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Effect of Office Furniture on Workplace Productivity

Effect of Office Furniture on Workplace Productivity

If you’re looking to buy office furniture as a manager or building owner, know that there are more factors at play than just cost and basic looks. At Online Office Furniture, we’re here to tell you that the furniture you buy means more to your workplace culture than you may have realized.

The way you organize and lay out an office can go an incredibly long way toward productivity and employee happiness. Many of these are subconscious factors, but they’re highly relevant nonetheless. Let’s look at a few of the most important workplace culture factors influenced heavily by office furniture.


The way furniture is positioned within the office can impact lighting – both natural and man-made. Many office managers prefer to maximize natural light, which involves not blocking windows or light entry points and leaving space for light to be shown. The way lamps and other lighting assist devices are placed can have a subconscious effect on productivity, in part because of the effect it may have on employees’ eyes.


Smart office design will help reduce or eliminate any redundancies caused by sound issues. Proper utilization of office cubicles and building walls can separate employees who may need to be on the phone more often from those who need mostly silence to perform certain precise duties.


Another primary use of cubicles is privacy, though the smart office manager prioritizes this within a generally open scheme. Wherever possible, openness is encouraged to make employees feel like part of a single team – many of our cubicles and workstations come in adjustable styles that allow varying amounts of privacy.

Overall Tone

There’s significant research supporting the fact that employees are more responsive to caring, responsive management. This is most commonly found in conscious events like praise or bonuses, but it can also be found in elements like a willingness to alter office furniture designs at employee requests – or even better, by filling a furniture-related need without even being asked. An employee might give you that little extra if they get their own input on their space in the office, and this sort of thing promotes overall team loyalty.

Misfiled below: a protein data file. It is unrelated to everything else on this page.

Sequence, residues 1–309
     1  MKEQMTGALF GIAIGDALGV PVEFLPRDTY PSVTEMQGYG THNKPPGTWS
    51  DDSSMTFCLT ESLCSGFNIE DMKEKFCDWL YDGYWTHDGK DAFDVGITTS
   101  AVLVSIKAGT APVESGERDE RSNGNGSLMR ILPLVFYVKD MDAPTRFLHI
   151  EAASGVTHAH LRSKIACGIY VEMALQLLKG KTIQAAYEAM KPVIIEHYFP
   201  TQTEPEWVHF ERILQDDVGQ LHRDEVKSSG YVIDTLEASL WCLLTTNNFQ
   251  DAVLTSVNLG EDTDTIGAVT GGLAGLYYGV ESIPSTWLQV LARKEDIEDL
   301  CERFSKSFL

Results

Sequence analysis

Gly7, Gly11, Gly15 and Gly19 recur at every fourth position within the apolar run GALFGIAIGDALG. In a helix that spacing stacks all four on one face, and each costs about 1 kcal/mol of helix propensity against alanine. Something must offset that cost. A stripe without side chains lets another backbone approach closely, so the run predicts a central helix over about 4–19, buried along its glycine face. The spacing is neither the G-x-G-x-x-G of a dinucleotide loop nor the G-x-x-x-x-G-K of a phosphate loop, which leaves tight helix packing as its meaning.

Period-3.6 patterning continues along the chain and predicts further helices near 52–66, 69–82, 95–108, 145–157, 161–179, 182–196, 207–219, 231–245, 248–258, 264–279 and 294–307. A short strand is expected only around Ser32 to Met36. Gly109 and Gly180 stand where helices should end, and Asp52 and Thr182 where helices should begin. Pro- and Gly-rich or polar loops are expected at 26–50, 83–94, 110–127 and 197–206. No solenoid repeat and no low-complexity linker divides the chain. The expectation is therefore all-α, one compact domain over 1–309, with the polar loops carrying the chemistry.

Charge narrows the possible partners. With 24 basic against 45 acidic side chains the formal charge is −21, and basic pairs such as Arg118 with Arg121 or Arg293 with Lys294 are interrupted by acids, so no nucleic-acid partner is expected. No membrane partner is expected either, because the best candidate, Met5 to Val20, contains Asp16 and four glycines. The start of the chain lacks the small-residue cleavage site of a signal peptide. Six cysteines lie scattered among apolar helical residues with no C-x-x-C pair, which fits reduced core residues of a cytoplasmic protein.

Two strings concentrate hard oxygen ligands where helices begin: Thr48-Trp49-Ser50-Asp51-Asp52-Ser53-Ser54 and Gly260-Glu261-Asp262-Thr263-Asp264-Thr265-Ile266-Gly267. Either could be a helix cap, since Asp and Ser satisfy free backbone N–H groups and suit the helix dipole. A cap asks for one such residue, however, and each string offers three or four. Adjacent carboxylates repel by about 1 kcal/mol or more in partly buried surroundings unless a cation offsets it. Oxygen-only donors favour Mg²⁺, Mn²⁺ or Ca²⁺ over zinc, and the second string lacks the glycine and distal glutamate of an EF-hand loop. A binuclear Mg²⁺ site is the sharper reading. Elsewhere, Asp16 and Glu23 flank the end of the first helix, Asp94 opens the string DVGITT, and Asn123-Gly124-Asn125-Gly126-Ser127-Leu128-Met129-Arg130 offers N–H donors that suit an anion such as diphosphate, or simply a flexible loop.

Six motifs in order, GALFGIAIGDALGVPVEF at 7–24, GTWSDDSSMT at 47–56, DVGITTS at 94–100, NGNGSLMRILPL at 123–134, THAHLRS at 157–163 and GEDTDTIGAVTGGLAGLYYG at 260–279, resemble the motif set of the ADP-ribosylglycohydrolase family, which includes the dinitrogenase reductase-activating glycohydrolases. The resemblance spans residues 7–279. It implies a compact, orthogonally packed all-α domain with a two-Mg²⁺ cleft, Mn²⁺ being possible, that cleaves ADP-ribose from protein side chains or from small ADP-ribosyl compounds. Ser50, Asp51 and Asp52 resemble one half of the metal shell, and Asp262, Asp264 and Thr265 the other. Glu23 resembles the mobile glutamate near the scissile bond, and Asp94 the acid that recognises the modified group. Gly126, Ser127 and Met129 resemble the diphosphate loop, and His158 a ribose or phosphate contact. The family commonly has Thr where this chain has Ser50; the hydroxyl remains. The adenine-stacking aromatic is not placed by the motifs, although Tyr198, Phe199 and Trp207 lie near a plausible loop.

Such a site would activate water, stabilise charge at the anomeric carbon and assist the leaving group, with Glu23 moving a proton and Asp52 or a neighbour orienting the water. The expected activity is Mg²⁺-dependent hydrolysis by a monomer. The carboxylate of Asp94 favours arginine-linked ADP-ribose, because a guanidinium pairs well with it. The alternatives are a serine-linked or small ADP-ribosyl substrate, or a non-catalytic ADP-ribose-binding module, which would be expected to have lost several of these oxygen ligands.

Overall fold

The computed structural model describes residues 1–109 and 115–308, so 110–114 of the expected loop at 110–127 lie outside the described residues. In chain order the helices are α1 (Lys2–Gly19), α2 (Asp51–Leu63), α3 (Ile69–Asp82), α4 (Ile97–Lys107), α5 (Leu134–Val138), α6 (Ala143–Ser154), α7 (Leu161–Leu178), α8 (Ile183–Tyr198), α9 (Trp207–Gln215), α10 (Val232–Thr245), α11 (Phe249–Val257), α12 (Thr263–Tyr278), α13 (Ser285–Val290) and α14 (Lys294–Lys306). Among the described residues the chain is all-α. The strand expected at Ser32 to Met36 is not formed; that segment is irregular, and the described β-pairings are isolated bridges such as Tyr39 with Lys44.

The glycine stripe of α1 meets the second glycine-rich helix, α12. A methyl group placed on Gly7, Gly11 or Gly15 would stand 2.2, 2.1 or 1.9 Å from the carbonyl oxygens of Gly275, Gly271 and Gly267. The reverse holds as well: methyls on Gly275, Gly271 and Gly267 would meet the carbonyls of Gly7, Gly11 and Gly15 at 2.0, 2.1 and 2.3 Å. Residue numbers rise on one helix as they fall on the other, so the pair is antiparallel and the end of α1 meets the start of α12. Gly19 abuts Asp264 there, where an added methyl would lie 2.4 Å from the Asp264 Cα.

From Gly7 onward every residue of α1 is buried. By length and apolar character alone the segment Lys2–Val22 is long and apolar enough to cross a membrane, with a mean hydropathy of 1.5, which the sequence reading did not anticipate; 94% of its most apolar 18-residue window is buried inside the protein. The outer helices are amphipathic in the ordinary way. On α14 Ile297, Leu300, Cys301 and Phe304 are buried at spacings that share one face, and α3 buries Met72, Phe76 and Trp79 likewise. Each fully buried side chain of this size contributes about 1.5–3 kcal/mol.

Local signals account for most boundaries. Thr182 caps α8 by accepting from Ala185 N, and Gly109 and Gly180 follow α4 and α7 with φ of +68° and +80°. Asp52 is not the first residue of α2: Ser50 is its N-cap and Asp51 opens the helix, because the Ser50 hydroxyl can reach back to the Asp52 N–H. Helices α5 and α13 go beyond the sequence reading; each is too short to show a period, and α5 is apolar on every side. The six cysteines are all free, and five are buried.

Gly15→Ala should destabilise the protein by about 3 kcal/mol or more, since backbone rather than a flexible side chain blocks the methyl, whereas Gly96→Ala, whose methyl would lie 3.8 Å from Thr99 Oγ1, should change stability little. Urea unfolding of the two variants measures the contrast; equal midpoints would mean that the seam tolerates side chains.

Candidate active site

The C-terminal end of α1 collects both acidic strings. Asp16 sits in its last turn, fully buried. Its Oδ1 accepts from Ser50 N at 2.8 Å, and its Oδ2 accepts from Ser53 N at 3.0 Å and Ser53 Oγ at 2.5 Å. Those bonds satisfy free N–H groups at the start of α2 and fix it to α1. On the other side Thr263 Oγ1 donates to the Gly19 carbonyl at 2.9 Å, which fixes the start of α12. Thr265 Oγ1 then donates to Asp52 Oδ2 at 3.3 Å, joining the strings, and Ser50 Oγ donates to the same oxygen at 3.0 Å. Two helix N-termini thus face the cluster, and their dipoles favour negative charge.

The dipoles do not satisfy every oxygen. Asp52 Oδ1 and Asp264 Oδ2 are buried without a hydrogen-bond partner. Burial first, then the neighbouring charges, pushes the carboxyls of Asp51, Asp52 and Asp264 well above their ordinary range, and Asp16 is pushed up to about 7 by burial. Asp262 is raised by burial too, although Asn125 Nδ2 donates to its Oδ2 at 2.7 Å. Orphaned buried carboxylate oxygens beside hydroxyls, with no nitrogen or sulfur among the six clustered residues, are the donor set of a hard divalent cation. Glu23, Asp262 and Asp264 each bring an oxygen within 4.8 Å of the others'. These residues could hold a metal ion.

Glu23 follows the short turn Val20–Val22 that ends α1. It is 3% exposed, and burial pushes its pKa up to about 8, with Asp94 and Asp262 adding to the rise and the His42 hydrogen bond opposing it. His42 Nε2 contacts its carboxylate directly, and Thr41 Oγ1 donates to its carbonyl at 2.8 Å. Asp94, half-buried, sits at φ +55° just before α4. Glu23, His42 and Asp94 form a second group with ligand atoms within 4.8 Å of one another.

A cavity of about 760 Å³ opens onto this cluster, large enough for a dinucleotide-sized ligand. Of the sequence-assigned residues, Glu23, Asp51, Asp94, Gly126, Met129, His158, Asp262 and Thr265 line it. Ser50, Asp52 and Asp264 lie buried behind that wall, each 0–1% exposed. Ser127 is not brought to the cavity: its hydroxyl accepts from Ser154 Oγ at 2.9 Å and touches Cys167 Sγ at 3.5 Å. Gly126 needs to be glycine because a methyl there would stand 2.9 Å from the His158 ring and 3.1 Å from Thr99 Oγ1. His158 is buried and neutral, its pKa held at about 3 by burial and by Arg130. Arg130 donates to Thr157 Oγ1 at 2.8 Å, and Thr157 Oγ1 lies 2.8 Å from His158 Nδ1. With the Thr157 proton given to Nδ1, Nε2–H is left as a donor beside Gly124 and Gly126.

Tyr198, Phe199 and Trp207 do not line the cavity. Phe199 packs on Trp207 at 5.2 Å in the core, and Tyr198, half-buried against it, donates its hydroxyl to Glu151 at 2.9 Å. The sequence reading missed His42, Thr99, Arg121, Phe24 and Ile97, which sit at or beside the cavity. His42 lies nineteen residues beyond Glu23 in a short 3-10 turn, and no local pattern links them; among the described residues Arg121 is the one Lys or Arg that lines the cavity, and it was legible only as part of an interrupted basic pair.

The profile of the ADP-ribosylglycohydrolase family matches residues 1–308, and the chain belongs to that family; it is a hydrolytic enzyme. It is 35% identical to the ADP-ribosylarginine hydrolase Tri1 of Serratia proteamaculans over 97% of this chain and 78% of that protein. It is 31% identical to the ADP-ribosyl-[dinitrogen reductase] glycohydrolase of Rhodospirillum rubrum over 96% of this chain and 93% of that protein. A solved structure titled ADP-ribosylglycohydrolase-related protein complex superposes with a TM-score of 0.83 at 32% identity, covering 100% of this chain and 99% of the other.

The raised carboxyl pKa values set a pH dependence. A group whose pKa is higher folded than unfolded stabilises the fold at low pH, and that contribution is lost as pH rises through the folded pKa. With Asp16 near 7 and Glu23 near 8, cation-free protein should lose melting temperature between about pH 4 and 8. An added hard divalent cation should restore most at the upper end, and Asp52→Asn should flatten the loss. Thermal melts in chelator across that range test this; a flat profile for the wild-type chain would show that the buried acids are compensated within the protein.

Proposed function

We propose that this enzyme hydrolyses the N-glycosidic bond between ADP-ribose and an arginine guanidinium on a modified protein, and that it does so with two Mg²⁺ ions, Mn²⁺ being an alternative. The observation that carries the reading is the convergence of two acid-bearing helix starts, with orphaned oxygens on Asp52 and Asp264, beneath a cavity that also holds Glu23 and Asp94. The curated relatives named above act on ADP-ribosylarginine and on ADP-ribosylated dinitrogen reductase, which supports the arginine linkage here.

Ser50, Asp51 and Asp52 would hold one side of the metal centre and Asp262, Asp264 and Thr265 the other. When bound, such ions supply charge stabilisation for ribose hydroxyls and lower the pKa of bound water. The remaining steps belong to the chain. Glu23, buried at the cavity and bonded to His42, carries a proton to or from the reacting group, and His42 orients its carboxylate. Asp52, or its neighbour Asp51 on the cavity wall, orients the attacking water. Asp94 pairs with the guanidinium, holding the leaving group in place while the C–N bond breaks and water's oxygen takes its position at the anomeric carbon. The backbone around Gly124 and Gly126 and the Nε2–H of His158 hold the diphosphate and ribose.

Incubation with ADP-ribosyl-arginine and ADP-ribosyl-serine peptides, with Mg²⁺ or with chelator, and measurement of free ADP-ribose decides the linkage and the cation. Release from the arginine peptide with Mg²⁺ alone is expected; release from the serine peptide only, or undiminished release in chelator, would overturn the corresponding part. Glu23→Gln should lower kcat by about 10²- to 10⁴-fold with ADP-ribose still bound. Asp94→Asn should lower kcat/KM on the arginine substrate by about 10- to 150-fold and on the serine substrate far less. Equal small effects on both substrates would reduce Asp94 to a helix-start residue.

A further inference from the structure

Want to learn more about how our furniture can help increase your productivity, or interested in making an order for office furniture? Speak to our customer service staff at Online Office Furniture today.



Midcentury modern style re-emerged on the scene years ago following, and really became popular after the hit show Mad Men.  The design style is reusing elements that were key during the mid 20th century, from the mid 1940's through 1970. 

Midcentury style is unique in that it's largely driven by innovative mass-produced furniture and accents. There may be no other period that produced the same volume of household-name artists and designers as this era: George Nelson, Charles and Ray Eames, Eero Saarinen and dozens more. Their designs and accents drive and define the look.

Our authentic mid-century pieces really become an anchor in any space. What is great about mid-century design is that these staple pieces are amazing when incorporated into a room where mid-century is embraces and carried through all of the furnishings and accents, or when placed in a room of any design taste, the mid-century modern piece adds a lot of style. 


  • Alan Fox


Get It Off the Floor

Go vertical with bookcases and shelving units. Often we run out of desktop space or floor space. Vertical storage makes more efficient use of space and puts more at eye level.

Create “Activity Centers”

Put everything you need to complete an activity in one area, especially if you do an activity regularly. You will avoid wasting time looking for and assembling what you need. For example, packing and shipping supplies and tools should be in one area. Or create a shelf for items you take with you when you travel, such as your travel briefcase, neoprene sleeves and portable chargers.

File It, Scan It, Shred It

Don’t use your desktop as your inbox, as critical paper (like checks!) can get lost. Signed contracts and other items that you want to keep in paper form should be filed away promptly. Scan anything else into digital form. Shred and discard or recycle the paper.

A Folder for Everything

Have a folder for all paper documents. Pendaflex hanging folders, along with manila inner folders, are an inexpensive solution. Label both. Pendaflex folders are your placeholder in the filing cabinet, and should be left there at all times. The inner manila folder is the one you pull out as needed. Then it’s easy to refile the manila folder into its pendaflex when done.

Wrap Computer Cords